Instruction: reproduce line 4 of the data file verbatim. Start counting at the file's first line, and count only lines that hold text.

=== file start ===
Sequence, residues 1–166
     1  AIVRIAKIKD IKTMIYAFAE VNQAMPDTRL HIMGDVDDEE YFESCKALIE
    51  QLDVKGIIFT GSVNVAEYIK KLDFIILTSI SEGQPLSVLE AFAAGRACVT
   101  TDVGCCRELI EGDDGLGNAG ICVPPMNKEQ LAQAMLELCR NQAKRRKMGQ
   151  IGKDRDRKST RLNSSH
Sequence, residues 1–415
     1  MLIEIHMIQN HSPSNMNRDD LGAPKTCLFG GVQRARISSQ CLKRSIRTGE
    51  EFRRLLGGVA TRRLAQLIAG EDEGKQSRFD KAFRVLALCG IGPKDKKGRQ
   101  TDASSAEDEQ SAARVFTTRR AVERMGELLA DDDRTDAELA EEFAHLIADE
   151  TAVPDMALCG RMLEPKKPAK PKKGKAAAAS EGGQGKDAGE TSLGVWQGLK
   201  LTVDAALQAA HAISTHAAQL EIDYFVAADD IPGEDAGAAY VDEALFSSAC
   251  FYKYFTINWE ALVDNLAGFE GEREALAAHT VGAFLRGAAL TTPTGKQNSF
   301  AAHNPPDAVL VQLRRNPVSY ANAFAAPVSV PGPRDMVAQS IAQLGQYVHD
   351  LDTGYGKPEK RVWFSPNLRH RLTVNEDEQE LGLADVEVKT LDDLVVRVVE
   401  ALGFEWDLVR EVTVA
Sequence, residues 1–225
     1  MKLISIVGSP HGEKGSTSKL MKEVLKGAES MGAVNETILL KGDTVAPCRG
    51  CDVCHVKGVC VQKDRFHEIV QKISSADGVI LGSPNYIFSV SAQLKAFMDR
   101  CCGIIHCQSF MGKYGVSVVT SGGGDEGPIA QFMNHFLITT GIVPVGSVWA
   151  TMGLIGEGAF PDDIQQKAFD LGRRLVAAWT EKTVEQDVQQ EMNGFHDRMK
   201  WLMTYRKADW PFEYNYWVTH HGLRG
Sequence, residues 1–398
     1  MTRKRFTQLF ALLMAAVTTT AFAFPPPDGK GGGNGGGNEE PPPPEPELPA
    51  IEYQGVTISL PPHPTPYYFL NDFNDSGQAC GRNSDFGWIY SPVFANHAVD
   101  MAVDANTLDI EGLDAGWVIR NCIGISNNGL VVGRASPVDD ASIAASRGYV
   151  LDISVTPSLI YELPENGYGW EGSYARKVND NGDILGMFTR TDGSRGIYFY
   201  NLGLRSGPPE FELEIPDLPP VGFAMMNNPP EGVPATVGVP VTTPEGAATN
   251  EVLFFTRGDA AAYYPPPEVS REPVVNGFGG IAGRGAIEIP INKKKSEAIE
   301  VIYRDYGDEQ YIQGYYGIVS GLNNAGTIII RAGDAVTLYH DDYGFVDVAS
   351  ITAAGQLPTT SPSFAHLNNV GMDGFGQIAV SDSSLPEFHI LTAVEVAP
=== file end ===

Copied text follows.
   101  TDVGCCRELI EGDDGLGNAG ICVPPMNKEQ LAQAMLELCR NQAKRRKMGQ